The topics included co-development of drug and diagnostics, sometimes regarded as "theranostics," and the voluntary genomics data submission (VGDS) process. More recently, VGDS was modified to VXDS—voluntary "X" data submission, with "X" representing diagnostic proteomic and other "omics" biomarkers in the future. In September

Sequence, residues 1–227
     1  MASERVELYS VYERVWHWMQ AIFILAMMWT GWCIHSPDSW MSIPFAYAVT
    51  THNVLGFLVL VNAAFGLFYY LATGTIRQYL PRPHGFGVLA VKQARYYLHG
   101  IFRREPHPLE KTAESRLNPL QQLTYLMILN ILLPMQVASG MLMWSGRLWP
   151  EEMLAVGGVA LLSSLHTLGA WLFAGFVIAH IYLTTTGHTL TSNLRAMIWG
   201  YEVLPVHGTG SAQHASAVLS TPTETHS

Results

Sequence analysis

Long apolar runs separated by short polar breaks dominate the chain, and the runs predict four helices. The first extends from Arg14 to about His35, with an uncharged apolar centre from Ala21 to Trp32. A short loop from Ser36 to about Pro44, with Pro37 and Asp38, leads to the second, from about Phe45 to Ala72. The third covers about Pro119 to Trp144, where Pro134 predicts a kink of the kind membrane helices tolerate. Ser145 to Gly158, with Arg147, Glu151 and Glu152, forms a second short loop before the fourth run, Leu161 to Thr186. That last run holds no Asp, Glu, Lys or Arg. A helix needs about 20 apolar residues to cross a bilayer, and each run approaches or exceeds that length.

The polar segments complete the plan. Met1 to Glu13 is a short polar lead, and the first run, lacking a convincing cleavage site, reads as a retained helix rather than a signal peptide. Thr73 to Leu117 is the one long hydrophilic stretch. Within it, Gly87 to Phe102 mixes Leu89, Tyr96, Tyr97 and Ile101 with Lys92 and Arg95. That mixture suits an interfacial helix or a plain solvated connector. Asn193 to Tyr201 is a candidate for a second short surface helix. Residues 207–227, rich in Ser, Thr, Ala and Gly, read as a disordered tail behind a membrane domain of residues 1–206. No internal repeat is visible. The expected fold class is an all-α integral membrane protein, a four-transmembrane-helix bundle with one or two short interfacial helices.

2006, the Center for Clinical Device and Radiological Health (FDA-CDRH) issued a draft of a guidance document "In Vitro Diagnostic Multivariate Index Assays" which addresses test system and data process, with implications to genetic testing. For practitioners of clinical pharmacogenomics, it would be important to follow the outcome of the final draft of this and other documents. Two recent chapters by the FDA-CDRH (27) and FDA-Center for Drug Evaluation and Research (28) provided guidance of the various regulatory issues related to use of pharmacogenomic biomarkers. In summary, the FDA workshops, the guidance documents, and publications of concept and white papers serve as enabling tools toward the practice of clinical pharmacogenomics.